12.10.2020 (www.agriculture.com) - On Monday, the CME Group’s soybean complex drops sharply.
At the close, the Dec. corn futures closed 6¢ lower at $3.89. March corn futures ended 5½¢ lower at $3.96½.
Nov. soybean futures settled 31¾¢ lower at $10.33¼. January soybean futures ended 29¢ lower at $10.36½.
Dec. wheat futures closed ½¢ higher at $5.94¼.
Dec. soymeal futures settled $9.40 per short ton lower at $354.30. Dec. soy oil futures closed 0.85¢ lower at 33.16¢ per pound.
In the outside markets, the NYMEX crude oil market is $1.10 per barrel lower at $39.50. The U.S. dollar is higher, and the Dow Jones Industrials are 312 points higher.
Britt O’Connell, cash adviser for Commodity Risk Management Group, says that today’s markets are seeing follow-through selling.
“After a WASDE report on Friday that largely fell within the expected range both corn and soybeans test significant resistance at $4 and $10.80 respectively. After they failed to breach, we closed midrange Friday. Monday morning has brought follow-through selling in the face of a very productive week of harvest. With significant progress being made last week, (official update from USDA will be released Tuesday), yield reports seem to be average to better, with a few exceptions,” O’Connell says.
Northern Brazil received some much needed rain fall over the weekend, with forecasts showing more in the next 10 days.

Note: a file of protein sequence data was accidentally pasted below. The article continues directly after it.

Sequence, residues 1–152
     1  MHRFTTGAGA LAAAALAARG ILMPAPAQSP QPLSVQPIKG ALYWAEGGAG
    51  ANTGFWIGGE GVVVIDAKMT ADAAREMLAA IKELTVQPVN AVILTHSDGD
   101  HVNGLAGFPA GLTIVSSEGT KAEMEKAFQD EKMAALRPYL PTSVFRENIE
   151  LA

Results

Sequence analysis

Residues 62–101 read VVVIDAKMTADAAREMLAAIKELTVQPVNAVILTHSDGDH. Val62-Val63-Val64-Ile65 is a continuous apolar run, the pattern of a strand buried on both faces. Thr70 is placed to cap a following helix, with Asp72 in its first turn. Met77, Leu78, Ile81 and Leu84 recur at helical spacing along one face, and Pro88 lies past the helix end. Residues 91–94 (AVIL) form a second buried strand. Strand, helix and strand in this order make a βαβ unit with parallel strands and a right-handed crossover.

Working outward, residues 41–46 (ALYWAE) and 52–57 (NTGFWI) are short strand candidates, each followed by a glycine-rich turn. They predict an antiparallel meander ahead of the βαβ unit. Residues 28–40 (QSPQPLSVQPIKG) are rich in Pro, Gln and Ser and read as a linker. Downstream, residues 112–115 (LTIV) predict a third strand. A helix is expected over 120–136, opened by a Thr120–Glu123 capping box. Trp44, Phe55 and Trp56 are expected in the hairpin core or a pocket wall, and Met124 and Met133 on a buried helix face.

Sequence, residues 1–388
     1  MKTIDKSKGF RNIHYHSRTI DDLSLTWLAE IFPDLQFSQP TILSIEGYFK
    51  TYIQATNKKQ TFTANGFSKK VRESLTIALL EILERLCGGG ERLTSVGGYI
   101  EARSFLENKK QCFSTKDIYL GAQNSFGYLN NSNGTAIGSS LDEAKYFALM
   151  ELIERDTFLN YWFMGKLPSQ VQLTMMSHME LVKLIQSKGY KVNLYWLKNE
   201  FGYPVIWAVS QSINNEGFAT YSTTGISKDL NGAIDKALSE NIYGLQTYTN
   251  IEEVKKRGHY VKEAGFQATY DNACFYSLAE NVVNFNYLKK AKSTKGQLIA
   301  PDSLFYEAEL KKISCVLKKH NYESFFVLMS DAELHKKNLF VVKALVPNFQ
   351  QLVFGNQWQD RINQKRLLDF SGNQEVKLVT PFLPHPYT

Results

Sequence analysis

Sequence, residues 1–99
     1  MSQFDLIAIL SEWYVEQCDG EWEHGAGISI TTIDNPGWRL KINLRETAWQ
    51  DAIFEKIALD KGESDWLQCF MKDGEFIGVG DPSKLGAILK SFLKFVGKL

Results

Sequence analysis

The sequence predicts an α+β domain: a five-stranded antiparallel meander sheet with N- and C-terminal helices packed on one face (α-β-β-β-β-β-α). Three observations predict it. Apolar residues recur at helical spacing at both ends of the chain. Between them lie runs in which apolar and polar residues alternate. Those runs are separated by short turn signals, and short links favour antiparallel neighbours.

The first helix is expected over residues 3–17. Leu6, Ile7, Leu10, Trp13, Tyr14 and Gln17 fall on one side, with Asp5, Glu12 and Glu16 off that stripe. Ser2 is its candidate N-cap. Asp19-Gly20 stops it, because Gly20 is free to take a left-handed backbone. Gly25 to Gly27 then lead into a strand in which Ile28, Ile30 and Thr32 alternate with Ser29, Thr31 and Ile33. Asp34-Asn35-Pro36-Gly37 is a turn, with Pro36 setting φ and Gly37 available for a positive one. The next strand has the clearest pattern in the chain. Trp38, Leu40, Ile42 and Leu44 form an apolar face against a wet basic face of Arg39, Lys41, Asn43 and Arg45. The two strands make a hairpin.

“Brazilian farmers are about 3% planted vs normal at 19%. With record prices in Brazil their farmers will be pushing hard to plant the acres,” she says.
“The funds hold a record-long position in soybeans, while farmers are aggressively selling beans out of the field across the scale at the best prices they have seen in a number of years. With an inverse in bean futures and attractive basis levels there is no incentive for the farmer to hold soybeans. Corn continues to play follow the leader. While ending stocks have been trimmed from our initial projects we still appear to have ample corn supplies,” O’Connell says.
Al Kluis, Kluis Advisors, says that investors are today’s USDA Crop Progress report.
“The USDA Crop Progress report today will show corn harvest at about 37% and soybean harvest at 55%. Last week was one of the largest harvest weeks of the year. Many of our customers are done with soybeans and getting close to 50% done with corn. Many farmers are now focused on fall tillage and getting fertilizer put on. This sets the stage for less prevent plant (and more total crop) acres in 2021,” Kluis told customers in a daily note.
He added, “How much rain will hit (and when) in central Brazil? Last week, several cities reported record-high temperatures for October; temperatures soared to as high as 112°F. The European weather model calls for 1 to 3 inches of rain later this week with 70% coverage. Another model has limited coverage and 0.25 to 0.5 inches of rain. After six weeks of hot dry conditions, a half inch of rain will not do much good.”